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Wilmington Police Department
Wednesday April 17th, 2019 :: 09:03 a.m. EDT


Wilmington Police remind public about City’s new law addressing illegal dirt bike, ATV riding in City

The Wilmington Police Department is reminding the public about State and City laws regulating the illegal use of dirt bikes and all-terrain vehicles (ATVs), including a new local ordinance passed by the Wilmington City Council in July.
State law previously defined “off-highway vehicles” as including dirt bikes and ATVs, and registration with the State is required.
On July 12, 2018, City Council passed Ordinance 18-040 (, which adopted the State’s definition and set forth further regulations, which are excerpted here:

  1. Use and possession.
    1. Driving or riding vehicle.
      1. Pursuant to 21 Del. C. § 6814(a), no person may drive or ride any OHV on any public street, sidewalk, or right-of-way that is located in the city or, wherever located, that is owned or regulated by the city.
      2. Pursuant to 21 Del. C. § 6821(a), no person may drive or ride an OHV on public or private property without express permission of the owner of the property.
    2. Possessing unregistered vehicle. No person may own, control, possess, or have custody of any OHV that is not registered with the state pursuant to 21 Del. C. § 6801.
    3. Possessing mobilized vehicle. No person may own, control, possess, or have custody of any OHV in the city, while the OHV is not being used in accordance with state law, unless the vehicle is securely locked or otherwise immobilized by a wheel clamp or other object, device, method, or mechanism, whether attached to the vehicle or not, that:
      1. Prevents the vehicle from being freely moved; and
      2. Cannot be removed or deactivated without the assistance of the vehicle's owner.
The City ordinance also set forth penalties for violations of those provisions:
  1. Penalties.
    1. Civil penalty. Any person who violates any provision of this section is subject to a civil fine of $2,000.00 in addition to any other penalty issued pursuant to this chapter.
      1. Any owner to whom a penalty is issued may, within 48 hours of being fined, agree to forfeit the vehicle in lieu of contesting the violation and in lieu of any other fines or penalties.
      2. It should be considered a mitigating factor during judicial proceedings if an individual charged under this Section, and who has contested such charge, can provide proof that, after the time of a violation, the vehicle in question has since been properly registered and an appropriate immobilization device and transportation mechanism have been secured in order to ensure future compliance with this section.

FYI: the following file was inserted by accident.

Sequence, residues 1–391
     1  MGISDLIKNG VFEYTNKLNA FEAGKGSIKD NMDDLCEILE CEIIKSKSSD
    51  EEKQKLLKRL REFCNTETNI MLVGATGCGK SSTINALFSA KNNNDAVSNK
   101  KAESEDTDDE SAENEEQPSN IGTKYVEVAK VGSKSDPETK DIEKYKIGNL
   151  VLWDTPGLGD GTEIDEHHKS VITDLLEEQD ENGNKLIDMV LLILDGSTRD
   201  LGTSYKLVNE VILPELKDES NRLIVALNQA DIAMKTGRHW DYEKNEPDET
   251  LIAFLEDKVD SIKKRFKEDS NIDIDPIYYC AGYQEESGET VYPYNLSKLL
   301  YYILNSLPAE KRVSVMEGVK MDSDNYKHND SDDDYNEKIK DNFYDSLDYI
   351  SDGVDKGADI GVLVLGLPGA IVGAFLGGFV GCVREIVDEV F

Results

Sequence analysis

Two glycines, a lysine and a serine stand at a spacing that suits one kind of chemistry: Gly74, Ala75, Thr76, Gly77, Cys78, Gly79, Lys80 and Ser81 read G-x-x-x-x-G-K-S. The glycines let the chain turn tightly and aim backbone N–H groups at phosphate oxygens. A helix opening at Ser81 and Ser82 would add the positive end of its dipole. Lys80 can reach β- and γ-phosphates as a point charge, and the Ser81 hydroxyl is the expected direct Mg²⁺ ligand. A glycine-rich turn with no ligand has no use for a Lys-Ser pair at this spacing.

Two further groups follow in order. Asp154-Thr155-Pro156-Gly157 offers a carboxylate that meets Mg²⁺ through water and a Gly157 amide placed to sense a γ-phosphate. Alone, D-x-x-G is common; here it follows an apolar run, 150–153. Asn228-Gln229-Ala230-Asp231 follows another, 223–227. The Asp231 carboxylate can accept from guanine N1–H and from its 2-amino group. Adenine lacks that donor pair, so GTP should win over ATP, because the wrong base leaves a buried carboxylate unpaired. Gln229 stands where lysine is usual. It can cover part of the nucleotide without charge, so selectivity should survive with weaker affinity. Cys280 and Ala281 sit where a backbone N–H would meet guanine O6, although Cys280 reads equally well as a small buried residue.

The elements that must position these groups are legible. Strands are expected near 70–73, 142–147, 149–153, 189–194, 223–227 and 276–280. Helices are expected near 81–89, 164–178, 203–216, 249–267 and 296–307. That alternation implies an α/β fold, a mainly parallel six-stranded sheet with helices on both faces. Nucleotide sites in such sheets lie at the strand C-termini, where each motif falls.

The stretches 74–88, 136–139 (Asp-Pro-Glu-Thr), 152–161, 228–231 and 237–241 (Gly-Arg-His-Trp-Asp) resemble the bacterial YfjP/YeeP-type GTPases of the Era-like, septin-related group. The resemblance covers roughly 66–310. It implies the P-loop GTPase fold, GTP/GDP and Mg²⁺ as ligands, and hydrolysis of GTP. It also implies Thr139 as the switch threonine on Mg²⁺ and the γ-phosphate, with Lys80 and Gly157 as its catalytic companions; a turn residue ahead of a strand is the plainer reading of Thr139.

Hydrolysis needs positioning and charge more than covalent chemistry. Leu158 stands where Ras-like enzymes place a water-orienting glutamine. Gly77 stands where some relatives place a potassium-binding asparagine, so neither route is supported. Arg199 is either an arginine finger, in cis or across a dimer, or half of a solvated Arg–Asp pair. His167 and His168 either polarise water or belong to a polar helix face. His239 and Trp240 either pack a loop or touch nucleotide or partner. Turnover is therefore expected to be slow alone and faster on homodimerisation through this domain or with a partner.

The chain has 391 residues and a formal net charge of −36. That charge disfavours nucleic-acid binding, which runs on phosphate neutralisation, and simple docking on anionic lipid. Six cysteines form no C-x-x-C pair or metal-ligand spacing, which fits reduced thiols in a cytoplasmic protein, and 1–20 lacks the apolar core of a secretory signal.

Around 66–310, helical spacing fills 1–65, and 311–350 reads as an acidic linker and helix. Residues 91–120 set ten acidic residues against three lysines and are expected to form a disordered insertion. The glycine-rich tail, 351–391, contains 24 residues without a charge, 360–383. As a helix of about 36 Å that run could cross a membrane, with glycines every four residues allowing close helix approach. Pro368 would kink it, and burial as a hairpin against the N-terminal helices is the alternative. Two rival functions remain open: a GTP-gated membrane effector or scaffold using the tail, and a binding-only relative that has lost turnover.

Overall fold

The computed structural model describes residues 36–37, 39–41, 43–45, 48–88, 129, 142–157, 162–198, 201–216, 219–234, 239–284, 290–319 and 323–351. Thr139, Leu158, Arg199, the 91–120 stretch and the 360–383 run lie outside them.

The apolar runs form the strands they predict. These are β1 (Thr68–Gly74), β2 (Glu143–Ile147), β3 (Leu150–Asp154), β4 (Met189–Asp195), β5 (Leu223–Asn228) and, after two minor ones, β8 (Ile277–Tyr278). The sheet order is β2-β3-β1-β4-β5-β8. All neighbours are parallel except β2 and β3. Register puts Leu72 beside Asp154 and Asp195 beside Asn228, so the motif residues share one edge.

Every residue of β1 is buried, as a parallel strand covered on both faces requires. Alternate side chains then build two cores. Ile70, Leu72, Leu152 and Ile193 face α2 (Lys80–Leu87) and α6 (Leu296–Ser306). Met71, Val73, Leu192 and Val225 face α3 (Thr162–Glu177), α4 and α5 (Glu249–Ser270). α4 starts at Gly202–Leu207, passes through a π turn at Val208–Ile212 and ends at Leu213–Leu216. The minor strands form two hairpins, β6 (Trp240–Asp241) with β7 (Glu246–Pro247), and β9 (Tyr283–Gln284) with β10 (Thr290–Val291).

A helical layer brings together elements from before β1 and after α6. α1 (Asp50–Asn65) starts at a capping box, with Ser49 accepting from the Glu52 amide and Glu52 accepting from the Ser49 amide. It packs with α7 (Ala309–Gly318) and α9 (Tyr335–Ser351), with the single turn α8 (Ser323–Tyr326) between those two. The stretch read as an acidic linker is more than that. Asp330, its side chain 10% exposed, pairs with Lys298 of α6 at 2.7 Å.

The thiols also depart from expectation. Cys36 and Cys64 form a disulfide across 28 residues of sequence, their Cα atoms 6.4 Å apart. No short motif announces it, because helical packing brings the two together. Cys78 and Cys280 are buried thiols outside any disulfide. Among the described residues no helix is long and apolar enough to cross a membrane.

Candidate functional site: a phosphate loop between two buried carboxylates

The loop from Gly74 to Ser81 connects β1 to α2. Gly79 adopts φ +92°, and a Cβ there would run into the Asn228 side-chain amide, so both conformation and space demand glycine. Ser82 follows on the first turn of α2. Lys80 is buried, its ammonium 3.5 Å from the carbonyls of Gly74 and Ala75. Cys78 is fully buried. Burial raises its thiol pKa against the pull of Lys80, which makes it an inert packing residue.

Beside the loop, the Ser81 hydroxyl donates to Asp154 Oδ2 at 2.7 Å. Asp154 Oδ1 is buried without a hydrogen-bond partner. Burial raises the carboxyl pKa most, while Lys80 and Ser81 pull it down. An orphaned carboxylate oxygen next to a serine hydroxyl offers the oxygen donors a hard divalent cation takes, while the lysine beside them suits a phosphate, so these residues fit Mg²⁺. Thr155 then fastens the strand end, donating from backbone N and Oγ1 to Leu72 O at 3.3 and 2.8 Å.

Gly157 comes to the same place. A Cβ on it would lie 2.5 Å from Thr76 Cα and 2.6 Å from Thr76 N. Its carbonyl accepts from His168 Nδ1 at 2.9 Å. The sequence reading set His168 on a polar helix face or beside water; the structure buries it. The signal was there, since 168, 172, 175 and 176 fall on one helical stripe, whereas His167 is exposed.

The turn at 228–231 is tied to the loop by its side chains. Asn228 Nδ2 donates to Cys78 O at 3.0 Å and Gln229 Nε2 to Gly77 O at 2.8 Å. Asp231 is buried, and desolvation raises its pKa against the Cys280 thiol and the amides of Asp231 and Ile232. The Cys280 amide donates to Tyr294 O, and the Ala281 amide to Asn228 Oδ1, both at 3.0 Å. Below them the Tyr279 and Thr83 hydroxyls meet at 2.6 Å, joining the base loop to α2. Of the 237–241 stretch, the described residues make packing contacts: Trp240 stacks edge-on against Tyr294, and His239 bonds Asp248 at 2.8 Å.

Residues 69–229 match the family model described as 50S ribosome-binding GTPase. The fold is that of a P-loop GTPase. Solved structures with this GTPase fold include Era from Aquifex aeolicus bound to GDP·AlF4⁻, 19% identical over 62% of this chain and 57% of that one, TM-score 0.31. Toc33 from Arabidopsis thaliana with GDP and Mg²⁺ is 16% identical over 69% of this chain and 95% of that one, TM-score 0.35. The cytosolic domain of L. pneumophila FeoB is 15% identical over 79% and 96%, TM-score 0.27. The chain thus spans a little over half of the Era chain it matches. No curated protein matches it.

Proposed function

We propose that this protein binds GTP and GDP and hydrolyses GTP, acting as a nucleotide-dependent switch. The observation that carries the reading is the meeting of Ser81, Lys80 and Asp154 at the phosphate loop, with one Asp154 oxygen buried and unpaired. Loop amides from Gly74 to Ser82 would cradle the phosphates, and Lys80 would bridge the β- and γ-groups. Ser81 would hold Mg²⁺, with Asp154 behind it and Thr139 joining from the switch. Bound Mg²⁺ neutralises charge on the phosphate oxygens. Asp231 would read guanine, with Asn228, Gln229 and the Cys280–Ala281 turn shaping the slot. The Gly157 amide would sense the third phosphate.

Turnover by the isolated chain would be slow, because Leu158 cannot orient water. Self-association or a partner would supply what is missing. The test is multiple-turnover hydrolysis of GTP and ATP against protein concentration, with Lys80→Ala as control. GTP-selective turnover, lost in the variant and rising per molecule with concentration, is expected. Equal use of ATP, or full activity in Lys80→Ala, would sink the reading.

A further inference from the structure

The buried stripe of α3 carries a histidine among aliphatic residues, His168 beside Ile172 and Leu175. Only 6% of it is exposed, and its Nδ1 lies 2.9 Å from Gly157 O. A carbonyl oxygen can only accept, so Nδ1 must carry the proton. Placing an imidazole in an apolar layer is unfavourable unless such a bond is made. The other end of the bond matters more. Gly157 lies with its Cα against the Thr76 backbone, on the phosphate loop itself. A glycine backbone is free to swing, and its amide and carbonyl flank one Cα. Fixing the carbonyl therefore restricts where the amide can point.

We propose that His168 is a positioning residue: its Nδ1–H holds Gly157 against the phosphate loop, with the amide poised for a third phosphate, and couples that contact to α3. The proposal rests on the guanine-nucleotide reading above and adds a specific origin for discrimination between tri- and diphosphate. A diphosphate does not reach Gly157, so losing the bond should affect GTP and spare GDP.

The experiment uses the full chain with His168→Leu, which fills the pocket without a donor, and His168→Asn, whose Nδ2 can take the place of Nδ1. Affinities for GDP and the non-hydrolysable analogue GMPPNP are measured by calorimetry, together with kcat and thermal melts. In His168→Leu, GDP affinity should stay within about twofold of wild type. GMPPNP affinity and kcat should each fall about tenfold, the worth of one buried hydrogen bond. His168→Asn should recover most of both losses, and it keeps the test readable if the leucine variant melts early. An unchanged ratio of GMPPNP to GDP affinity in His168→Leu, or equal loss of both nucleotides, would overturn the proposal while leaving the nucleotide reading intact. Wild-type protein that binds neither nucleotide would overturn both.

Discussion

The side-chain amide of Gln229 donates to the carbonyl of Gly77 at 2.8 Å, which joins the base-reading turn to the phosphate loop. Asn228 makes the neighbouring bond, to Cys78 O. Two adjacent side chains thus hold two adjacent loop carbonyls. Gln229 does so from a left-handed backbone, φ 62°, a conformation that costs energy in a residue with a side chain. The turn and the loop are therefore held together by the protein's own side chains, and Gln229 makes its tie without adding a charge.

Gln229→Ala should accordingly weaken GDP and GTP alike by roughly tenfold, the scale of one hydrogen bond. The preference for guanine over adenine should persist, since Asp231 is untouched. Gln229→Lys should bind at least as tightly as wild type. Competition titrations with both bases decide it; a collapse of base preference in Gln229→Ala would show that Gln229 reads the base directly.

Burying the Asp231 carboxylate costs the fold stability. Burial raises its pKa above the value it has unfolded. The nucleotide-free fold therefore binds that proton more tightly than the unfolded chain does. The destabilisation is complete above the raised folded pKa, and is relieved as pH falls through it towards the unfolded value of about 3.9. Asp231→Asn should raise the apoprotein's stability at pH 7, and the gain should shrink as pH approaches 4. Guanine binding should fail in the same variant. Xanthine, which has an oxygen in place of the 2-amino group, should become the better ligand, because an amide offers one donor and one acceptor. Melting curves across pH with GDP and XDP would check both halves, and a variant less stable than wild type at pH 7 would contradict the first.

2. Confiscate. In addition to any civil fines a police officer may issue pursuant to this section, whenever a police officer has probable cause to believe that an OHV is being used in violation of this section and either the OHV is not registered or the OHV does not bear a valid registration decal pursuant to state law, the officer may confiscate the OHV, whereupon the police department shall comply with the provisions of this chapter.
The Wilmington Police Department will be enforcing this ordinance, along with all relevant State laws governing off-highway vehicles and motor vehicles generally.
Council Member Robert A. Williams (7th District) was the principal sponsor of the legislation.
“This illegal activity creates a quality-of-life issue for the citizens and motorists of the City,” said Council Member Williams. “This ordinance was borne out of a concern for the safety of the public, and for the riders. It was approved by Council, and I support the enforcement efforts of the Wilmington Police Department.”
Inspector Charles Emory, who oversees the Uniformed Services Division and patrol operations, emphasized the safety issues presented by illegal dirt bike and ATV operation, particularly in a city environment.
“In past years, we have sadly witnessed serious accidents and even a fatality in Wilmington resulting from the illegal and unsafe riding of dirt bikes and ATVs,” said Inspector Emory. “We have historically seen increased activity in the warmer months, and we will continue to educate the public about these provisions."
Chief Robert J. Tracy said the department will continue to remind the community about these regulations.
“We have had public discussions about these new regulations, and our captains and patrol officers will be sharing this message at community meetings to ensure that we spread the word and remind the public about this law,” said Chief Tracy. “City Council has taken legislative action to help address this issue, and now the Wilmington Police Department will do its part to enforce these laws and work to ensure public safety for all of our residents and visitors.”

Wilmington Police Department
300 North Walnut Street
Wilmington, DE 19801

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